These days Tetsuya is a man with a finger in more than one pie as the saying goes, like his new restaurant in Singapore, Waku Ghin. Tetsuya first arrived in Sydney from Japan in 1982. He opened his restaurant, Tetsuyas in 1989 in the original site in Rozelle – he then relocated to the present CBD site in 2000. Tetsuya Wakuda has guided his restaurant so it is now ranked as one of the World’s 100 Best Restaurants. Tetsuya has been named a Grand Chef Relais & Chateaux, a title given only to chefs whose talent and craftsmanship have seen them rise to the highest level in their field, deserving of such recognition and renown. He was also voted one of the world’s most influential chefs by the international press at the 2011 Madridfusion summit.
And so we began the 10 course degustation ($210 for one person, with accompanying wine course from $97) – in classic Tetsuya style, a blend of Asia alongside French food traditions. Here’s a selection of the 10 dishes beginning with Chilled Pea Soup with bitter chocolate mousse - a hint of bitterness from the chocolate sitting at the base, an unexpected surprise in the coolness of green pea soup – a perfect start to this a warm Sydney evening.
Salad of the Sea – Japan in this dish – with the beautiful translucent colours of raw fish and seafood against the taste of the clean salty sea – sometimes sweetness, sometimes saltiness and tinged with wasabi.
Next dish – New Zealand Scampi with Chicken Liver Parfait and Walnut Vinaigrette – the raw scampi with the inspired combination of chicken liver – silky smoothness and earthiness.
Next Tetsuyas signature dish – Confit of Petuna Ocean Trout with Fennel, Unpasteurised Ocean Trout Caviar.
Grilled breast of Partridge with Spiced Cherries and Cauliflower – the partridge breast was pink, moist and springy to the touch, a light crunch of the skin – gaminess juxtaposed with the spiciness of the cherries.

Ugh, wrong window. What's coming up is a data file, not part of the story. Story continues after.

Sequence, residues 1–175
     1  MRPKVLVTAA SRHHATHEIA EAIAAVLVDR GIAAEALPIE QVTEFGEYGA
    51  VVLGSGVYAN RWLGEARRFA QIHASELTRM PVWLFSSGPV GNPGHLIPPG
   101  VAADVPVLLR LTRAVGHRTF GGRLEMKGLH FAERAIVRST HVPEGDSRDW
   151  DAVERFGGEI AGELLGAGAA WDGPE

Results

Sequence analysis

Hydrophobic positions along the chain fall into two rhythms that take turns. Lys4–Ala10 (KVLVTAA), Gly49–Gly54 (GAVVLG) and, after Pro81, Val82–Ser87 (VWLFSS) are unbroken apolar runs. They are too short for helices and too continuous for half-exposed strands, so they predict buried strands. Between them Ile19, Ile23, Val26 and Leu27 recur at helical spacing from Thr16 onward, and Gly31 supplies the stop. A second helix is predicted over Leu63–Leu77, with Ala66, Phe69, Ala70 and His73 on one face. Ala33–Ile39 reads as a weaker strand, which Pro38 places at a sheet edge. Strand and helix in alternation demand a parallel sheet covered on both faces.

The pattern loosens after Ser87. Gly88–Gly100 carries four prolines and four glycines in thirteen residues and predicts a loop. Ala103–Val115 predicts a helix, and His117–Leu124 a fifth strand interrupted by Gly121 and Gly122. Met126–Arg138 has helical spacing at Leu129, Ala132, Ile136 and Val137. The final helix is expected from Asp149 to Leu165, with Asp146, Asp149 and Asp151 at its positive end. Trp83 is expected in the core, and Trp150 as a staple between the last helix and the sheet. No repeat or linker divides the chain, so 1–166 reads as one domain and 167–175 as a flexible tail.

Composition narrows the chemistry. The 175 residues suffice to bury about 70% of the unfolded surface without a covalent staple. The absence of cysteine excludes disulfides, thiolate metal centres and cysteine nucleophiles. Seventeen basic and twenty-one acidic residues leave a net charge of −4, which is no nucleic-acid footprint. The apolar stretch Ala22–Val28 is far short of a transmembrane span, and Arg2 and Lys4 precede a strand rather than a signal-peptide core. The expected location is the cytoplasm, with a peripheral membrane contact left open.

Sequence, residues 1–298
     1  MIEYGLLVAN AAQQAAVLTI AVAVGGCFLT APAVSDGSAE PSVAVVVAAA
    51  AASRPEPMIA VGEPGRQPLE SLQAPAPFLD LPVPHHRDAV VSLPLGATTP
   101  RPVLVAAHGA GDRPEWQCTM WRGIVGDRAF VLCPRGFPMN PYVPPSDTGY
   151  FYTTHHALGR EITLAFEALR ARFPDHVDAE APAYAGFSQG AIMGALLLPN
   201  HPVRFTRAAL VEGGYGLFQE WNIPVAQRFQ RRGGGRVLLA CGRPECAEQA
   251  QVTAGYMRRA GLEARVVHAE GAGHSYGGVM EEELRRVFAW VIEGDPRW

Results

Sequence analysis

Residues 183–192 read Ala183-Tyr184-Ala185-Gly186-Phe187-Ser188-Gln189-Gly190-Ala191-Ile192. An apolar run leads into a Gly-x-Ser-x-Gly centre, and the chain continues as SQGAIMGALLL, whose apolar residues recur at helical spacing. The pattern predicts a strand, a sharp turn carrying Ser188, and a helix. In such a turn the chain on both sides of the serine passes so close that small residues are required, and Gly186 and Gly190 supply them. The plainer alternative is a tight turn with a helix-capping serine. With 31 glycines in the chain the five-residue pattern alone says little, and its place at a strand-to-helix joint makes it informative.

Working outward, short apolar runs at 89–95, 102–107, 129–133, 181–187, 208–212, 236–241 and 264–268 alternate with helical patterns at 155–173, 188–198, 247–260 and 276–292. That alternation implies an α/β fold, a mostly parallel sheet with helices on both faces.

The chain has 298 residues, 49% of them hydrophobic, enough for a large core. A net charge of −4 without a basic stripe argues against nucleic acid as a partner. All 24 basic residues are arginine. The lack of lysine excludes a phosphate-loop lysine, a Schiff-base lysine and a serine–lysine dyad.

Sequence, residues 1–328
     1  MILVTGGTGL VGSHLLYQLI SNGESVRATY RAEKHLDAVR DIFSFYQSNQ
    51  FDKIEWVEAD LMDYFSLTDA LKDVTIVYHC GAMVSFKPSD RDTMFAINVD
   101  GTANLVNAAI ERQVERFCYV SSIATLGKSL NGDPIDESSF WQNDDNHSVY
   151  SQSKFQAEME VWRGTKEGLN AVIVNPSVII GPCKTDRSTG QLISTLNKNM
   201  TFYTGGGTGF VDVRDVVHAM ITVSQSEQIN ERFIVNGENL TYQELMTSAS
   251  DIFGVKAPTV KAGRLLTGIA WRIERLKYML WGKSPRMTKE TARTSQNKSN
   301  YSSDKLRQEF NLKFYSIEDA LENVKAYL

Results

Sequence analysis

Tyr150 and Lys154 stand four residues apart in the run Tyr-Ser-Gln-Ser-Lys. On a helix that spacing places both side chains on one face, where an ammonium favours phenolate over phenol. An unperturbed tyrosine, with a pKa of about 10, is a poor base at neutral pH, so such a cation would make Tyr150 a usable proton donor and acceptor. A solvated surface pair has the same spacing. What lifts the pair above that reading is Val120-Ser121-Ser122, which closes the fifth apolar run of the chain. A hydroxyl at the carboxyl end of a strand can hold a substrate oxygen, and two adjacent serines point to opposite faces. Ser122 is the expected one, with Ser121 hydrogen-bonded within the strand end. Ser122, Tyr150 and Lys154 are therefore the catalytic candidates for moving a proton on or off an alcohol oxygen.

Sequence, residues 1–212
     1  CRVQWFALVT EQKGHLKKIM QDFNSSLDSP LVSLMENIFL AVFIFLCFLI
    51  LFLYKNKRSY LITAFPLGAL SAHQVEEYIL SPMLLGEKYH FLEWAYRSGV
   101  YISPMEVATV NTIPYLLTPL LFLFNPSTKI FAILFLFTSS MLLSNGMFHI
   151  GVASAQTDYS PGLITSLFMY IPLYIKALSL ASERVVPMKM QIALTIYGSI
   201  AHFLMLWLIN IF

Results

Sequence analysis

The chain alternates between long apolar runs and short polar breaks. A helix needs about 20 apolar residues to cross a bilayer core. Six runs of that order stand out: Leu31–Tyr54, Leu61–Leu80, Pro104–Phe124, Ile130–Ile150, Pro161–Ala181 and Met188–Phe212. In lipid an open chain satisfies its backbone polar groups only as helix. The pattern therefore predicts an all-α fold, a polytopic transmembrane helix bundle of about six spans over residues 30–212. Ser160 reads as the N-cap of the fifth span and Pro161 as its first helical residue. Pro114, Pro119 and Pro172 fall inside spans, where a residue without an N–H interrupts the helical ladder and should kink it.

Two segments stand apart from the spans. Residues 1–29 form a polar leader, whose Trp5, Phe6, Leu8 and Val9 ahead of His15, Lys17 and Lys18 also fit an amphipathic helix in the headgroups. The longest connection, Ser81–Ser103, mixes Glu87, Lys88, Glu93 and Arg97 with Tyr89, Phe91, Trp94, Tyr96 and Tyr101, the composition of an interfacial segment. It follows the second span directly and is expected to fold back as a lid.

Lamb backstrap with summer vegetables and sheep’s yoghurt – the lamb was rich and smooth – the yoghurt with a slight acidity balance to heighten the flavours.
Pear Sorbet – clean, refreshing and intense pear explosion
Green Apple and Mint Ice Cream – cool mint ice-cream with icy green apple granita and a wafer-thin slice of dried apple
Floating Island with Praline and Creme Anglaise – this classic dessert, encasing dark running chocolate, always wins the crowd when perfectly executed.
We decided not to go with Tetsuyas matched wine option – instead we asked our sommelier to guide us through the wine list and select some special wines. Starting with a Keller Riesling from the Rhienhassen in Germany – a subtle light wine, without the characteristic sweetness from some German rieslings. Next a vermentino from La Spingta in Tuscany – minerality and flintiness – matched with the seafood dishes. Lastly a Pinot Noir – from Hurley in Mornington Peninsula, Victoria.
THE VERDICT – At times the presentation of the food was not perfect, a little update is needed – perfection is expected at these prices and from this quality of fine dining. However, it is good to see Tetsuya has stuck to his principles of pureness of flavours and simplicity in the look of the food. Tetsuyas Restaurant is still the place to go when you want to transport yourself to another place – and experience flavours and service that you don’t get too often.
We should be justifiably proud of the influence of Tetsuya Wakuda on the development of Australian food and Sydney fine dining. He and other pioneers like him have understood our place in the greater Asian region and developed cuisine that is not a copy of British food traditions.
Chef: Tetsuya Wakuda
Wine list: 9/10
529 Kent St, Sydney CBD 2000